Wednesday, September 26, 2012

Do Catholics have to vote for Romney?

Short answer: no.

Longer answer here.

The bottom line: whether or not one truly believes that Romney will do more to limit harm (despite also supporting intrinsic evils) than Obama and that there are proportionate reasons to vote for him will determine whether or not a Catholic can vote for Romney.  Those of us who remain unconvinced that Romney will limit harm and/or that there are proportionate reasons to vote for him despite the intrinsic evils he supports should not feel pressured to vote for him.

Of course, those of us who think that about Romney have long ago ruled out Obama, and most Democrats...

Wednesday, September 12, 2012

Archbishop Charles Chaput on the death penalty

Interesting words recently from Archbishop Charles Chaput on Americans and the death penalty:

Turning away from capital punishment does not diminish our support for the families of murder victims. They bear a terrible burden of grief, and they rightly demand justice. Real murderers deserve punishment; but even properly tried and justly convicted murderers — men and women who are found guilty of heinous crimes — retain their God-given dignity as human beings. When we take a murderer’s life we only add to the violence in an already violent culture, and we demean our own dignity in the process.

Both Scripture and Catholic tradition support the legitimacy of the death penalty under certain limited conditions. But the Church has repeatedly called us to a higher road over the past five decades. We don’t need to kill people to protect society or punish the guilty. And we should never be eager to take anyone’s life. As a result, except in the most extreme circumstances, capital punishment cannot be justified. In developed countries like our own, it should have no place in our public life. [...]

Most American Catholics, like many of their fellow citizens, support the death penalty. That doesn’t make it right. But it does ensure that the wrong-headed lesson of violence “fixing” the violent among us will be taught to another generation.

As children of God, we’re better than this, and we need to start acting like it. We need to end the death penalty now.

Read the whole thing here.

May God bless Archbishop Chaput for his leadership on this and many important issues!

Tuesday, September 11, 2012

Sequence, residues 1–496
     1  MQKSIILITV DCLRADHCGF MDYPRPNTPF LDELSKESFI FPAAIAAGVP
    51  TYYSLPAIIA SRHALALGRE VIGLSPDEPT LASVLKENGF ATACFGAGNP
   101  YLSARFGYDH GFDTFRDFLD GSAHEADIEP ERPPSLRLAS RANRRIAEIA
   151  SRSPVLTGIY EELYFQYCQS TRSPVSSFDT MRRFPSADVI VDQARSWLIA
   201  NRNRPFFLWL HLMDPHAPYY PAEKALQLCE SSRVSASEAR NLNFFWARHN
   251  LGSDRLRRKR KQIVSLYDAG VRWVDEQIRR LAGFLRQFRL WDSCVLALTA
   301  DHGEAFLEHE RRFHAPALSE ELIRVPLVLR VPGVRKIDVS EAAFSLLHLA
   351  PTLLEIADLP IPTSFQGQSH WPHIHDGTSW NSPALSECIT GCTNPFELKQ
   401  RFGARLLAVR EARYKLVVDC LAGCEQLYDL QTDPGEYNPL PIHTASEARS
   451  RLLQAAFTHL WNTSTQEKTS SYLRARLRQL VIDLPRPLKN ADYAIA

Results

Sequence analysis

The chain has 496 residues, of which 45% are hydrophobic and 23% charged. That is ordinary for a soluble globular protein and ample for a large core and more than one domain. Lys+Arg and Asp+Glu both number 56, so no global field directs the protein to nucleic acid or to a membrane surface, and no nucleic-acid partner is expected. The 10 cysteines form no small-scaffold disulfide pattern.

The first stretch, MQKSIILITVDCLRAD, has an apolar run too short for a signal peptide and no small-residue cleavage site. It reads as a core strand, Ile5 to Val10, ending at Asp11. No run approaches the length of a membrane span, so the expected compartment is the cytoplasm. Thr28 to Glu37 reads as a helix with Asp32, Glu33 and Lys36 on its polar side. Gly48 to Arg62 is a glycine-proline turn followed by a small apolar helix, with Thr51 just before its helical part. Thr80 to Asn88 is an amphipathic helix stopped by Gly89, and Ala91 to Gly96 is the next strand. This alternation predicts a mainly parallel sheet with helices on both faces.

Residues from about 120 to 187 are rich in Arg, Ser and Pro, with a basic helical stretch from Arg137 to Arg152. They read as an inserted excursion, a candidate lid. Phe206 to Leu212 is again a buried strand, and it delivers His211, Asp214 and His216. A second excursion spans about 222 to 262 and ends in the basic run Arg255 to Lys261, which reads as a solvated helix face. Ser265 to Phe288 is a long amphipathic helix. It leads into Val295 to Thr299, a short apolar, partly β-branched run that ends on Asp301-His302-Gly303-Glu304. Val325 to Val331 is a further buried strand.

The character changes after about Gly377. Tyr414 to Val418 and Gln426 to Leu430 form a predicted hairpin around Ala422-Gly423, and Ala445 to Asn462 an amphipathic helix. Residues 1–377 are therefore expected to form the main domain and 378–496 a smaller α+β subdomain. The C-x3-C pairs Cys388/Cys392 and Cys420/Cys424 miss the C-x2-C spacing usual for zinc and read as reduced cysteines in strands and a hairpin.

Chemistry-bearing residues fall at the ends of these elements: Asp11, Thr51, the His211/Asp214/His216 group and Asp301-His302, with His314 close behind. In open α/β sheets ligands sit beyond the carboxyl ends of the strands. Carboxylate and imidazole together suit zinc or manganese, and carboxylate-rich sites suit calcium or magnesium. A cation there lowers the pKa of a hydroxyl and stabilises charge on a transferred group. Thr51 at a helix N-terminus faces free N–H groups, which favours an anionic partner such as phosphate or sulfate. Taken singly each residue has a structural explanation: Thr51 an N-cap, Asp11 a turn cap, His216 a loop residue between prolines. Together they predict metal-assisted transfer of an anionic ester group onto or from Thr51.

Indefinite detention: the cost

From the "How could we have known?" files: another death at Guantanamo:

SAN JUAN, Puerto Rico (AP) — The latest prisoner to die at the U.S. base in Guantanamo, Cuba, was identified Tuesday as a Yemeni man with a history of mental illness who battled guards inside the prison and challenged his confinement all the way to the Supreme Court.

Adnan Latif spent more than a decade at Guantanamo, where he repeatedly went on hunger strike and once slashed his wrist and hurled the blood at his visiting lawyer. He also received mental health treatment at the detainee hospital, according to his lawyers and court records.

The government accused him of training with the Taliban in Afghanistan but he had never been charged and the military said there were no plans to prosecute him.

Latif was found unconscious in his cell inside the maximum security section of Guantanamo known as Camp 5 on Saturday and pronounced dead a short time later, according to a statement from the U.S. military's Miami-based Southern Command. It said the cause of death remains under investigation. He was the ninth prisoner to die at Guantanamo. [...]

Latif was well known in the small community of lawyers and human rights activists who focus on national security issues and Guantanamo because his legal challenge, which was turned back by the Supreme Court in June, was considered a major setback in the battle against the policy of holding men without charge at the U.S. base in Cuba. [...]

At one point, military records show, Latif was cleared for release. But the U.S. has ceased returning any prisoners to Yemen because the country is unstable and its government is considered ill-equipped to prevent former militants from resuming previous activities. There are about 55 Yemenis among the 167 men held at Guantanamo.

To sum up: a man never charged with the crime of terrorism, or with any crime, was held by our country because at one time we thought he might have been a threat; and though he was cleared to be released he couldn't go home, because his country is too unstable to prevent him from returning to the terrorist activities we never actually charged him with we let him deteriorate mentally and physically until he ended up dead.

But we're the good guys. Right? Right?